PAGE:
- Moreover, what should be the way to make the open data in cities available: through SDI portals, Open Data portals or both?
The last part of Open Data for Open Cities workshop was a point process analysis using the new methodology covered in the Ph.D. research of Mr. Moradi. Using Open Data from Medellin City in Colombia, related to car accidents, the last session was used to calculate an intensity network along streets of Medellin city. For more information about the methodology and steps to getting the results follow this link.
Yesterday, Albert Acedo (ESR04) and Manuel Portela (ESR15) developed a survey as a part of their joint research with the local community of San Domingos de Benfica, a neighbourhood in Lisbon. The meeting was organized by the Junta de Freguesia de Domingos de Benfica and the NGO CDI Portugal for the promotion of the participatory budget.
The survey was the first step to test how dwellers of the neighbour can perceive and feel their sense of place and social capital by mapping themselves and their social groups in a local cartography. The next steps will include a digital application that Acedo is developing and will be released next month, and an ethnographic experience that will be held with same participants next week.
The outcome of the research, is meant to provide some insights on how neighbours can improve their quality of live by enhancing their neighbourhood sense of belonging, emotional engagement, and civic participation.
On March 29, 2017, it was held at ConTerra the first UX meetup (UXMS) in Münster (Germany). Two of the GEO-C team members from the University of Münster were part of the day with the talk called “UX for all: the case of complex geospatial information.” We discussed how to generate visualizations of geospatial information, as well as interactions with it through more inclusive and participatory approaches. As part of this, we introduced to the audience the overall goal of the GEO-C project and one of its research lines related to the adaptation of open geospatial data visualizations and interactions to support forced displaced population when arriving at an unfamiliar city for their resettlement process.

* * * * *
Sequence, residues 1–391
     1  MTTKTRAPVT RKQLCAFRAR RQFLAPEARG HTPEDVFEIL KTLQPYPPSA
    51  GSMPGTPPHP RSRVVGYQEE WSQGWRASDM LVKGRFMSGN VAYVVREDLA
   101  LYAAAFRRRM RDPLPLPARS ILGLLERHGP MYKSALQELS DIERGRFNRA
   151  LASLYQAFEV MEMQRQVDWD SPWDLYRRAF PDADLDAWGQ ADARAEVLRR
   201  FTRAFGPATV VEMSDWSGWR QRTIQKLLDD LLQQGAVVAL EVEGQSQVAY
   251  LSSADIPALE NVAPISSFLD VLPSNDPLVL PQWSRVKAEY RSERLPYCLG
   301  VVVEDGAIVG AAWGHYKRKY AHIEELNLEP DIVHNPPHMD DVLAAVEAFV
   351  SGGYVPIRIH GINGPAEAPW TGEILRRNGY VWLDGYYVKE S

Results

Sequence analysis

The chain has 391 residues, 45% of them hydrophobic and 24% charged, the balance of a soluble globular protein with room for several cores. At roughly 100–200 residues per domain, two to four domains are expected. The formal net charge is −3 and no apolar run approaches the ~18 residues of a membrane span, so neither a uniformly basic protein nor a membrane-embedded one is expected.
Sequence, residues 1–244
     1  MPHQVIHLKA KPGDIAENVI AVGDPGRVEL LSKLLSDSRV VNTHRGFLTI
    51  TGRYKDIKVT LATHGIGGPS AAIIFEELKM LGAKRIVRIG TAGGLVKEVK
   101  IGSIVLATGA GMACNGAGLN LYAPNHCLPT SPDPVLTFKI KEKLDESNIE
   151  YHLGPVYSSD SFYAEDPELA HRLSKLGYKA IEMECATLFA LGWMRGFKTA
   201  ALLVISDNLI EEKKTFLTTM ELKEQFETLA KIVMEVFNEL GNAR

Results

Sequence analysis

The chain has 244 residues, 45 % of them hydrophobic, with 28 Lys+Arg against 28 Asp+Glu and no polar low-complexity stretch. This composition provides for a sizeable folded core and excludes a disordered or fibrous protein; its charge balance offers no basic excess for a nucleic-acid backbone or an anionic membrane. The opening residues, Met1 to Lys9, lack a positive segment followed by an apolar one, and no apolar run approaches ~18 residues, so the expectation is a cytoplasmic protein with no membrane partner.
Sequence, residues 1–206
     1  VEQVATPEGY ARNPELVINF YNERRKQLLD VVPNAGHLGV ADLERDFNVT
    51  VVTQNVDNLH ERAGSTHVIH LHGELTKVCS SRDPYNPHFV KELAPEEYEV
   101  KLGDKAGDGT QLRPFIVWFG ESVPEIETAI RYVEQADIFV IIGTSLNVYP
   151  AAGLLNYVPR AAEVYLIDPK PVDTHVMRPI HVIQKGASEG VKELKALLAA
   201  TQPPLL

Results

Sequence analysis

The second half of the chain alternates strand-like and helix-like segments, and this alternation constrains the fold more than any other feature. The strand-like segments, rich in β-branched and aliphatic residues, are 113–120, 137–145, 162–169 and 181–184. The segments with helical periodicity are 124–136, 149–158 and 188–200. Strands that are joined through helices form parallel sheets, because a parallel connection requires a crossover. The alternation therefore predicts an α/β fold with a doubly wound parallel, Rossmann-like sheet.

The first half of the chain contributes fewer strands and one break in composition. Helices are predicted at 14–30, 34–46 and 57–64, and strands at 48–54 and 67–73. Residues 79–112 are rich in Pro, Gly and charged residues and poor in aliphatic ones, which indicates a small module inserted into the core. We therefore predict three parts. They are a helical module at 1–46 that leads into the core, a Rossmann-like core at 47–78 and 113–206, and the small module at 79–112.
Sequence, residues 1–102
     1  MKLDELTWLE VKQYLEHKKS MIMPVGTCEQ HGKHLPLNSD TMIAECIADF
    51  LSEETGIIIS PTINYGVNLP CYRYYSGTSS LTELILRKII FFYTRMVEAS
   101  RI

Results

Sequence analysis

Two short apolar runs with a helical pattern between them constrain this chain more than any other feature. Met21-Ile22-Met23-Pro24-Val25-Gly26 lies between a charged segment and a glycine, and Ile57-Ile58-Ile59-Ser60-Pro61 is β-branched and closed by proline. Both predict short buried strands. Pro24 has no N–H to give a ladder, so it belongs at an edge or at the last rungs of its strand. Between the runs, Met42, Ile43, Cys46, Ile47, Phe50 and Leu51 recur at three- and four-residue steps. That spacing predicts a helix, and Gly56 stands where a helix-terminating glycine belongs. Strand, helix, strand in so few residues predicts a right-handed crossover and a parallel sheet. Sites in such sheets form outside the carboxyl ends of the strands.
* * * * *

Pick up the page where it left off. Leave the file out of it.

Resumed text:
The paper “Public displays for public participation in urban settings: a survey” (Authors: Guiying Du, Auriol Degbelo, Christian Kray) has been accepted for publication in the 6th ACM International Symposium on Pervasive Displays.
Abstract: Public displays can be used to support public participation in urban settings. This article provides a survey of the use of public displays for public participation in an urban con- text, covering articles on this topic published between 2012 and 2016. 36 papers were selected and analyzed along eight dimensions: type of political context, type of scientific contribution, standalone displays vs displays with a device, single vs multi-purpose displays, shape of displays, lab vs field study, deployment in public vs semi-public space, and the level of public participation addressed. Our analysis revealed a number of trends regarding public displays and public participation in urban settings. Inspecting these articles also led to the observation that current research on public displays is mainly targeting lower levels of public participation and that the evaluation of public displays for public participation in urban setting remains a challenge.